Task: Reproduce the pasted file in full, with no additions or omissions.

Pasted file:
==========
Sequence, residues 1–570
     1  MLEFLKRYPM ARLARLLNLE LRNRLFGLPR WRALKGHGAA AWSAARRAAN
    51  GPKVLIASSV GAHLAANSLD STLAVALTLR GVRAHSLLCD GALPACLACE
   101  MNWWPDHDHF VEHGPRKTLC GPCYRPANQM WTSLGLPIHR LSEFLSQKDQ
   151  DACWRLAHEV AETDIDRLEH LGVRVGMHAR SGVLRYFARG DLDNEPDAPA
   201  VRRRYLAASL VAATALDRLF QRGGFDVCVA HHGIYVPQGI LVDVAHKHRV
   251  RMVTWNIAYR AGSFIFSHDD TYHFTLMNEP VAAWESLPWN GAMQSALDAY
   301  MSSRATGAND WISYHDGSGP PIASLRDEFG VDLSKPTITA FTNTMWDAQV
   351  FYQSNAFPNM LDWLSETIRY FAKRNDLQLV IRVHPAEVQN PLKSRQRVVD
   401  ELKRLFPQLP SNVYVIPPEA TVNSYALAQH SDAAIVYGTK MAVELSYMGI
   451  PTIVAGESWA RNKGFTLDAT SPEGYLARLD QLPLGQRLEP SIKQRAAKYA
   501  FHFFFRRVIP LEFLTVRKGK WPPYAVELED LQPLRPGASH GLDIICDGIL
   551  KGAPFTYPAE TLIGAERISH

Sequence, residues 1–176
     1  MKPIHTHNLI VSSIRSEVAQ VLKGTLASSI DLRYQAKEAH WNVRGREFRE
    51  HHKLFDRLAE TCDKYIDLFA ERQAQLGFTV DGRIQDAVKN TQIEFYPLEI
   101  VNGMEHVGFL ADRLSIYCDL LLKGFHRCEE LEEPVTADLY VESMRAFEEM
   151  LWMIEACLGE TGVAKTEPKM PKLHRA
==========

Sequence, residues 1–570
     1  MLEFLKRYPM ARLARLLNLE LRNRLFGLPR WRALKGHGAA AWSAARRAAN
    51  GPKVLIASSV GAHLAANSLD STLAVALTLR GVRAHSLLCD GALPACLACE
   101  MNWWPDHDHF VEHGPRKTLC GPCYRPANQM WTSLGLPIHR LSEFLSQKDQ
   151  DACWRLAHEV AETDIDRLEH LGVRVGMHAR SGVLRYFARG DLDNEPDAPA
   201  VRRRYLAASL VAATALDRLF QRGGFDVCVA HHGIYVPQGI LVDVAHKHRV
   251  RMVTWNIAYR AGSFIFSHDD TYHFTLMNEP VAAWESLPWN GAMQSALDAY
   301  MSSRATGAND WISYHDGSGP PIASLRDEFG VDLSKPTITA FTNTMWDAQV
   351  FYQSNAFPNM LDWLSETIRY FAKRNDLQLV IRVHPAEVQN PLKSRQRVVD
   401  ELKRLFPQLP SNVYVIPPEA TVNSYALAQH SDAAIVYGTK MAVELSYMGI
   451  PTIVAGESWA RNKGFTLDAT SPEGYLARLD QLPLGQRLEP SIKQRAAKYA
   501  FHFFFRRVIP LEFLTVRKGK WPPYAVELED LQPLRPGASH GLDIICDGIL
   551  KGAPFTYPAE TLIGAERISH

Sequence, residues 1–176
     1  MKPIHTHNLI VSSIRSEVAQ VLKGTLASSI DLRYQAKEAH WNVRGREFRE
    51  HHKLFDRLAE TCDKYIDLFA ERQAQLGFTV DGRIQDAVKN TQIEFYPLEI
   101  VNGMEHVGFL ADRLSIYCDL LLKGFHRCEE LEEPVTADLY VESMRAFEEM
   151  LWMIEACLGE TGVAKTEPKM PKLHRA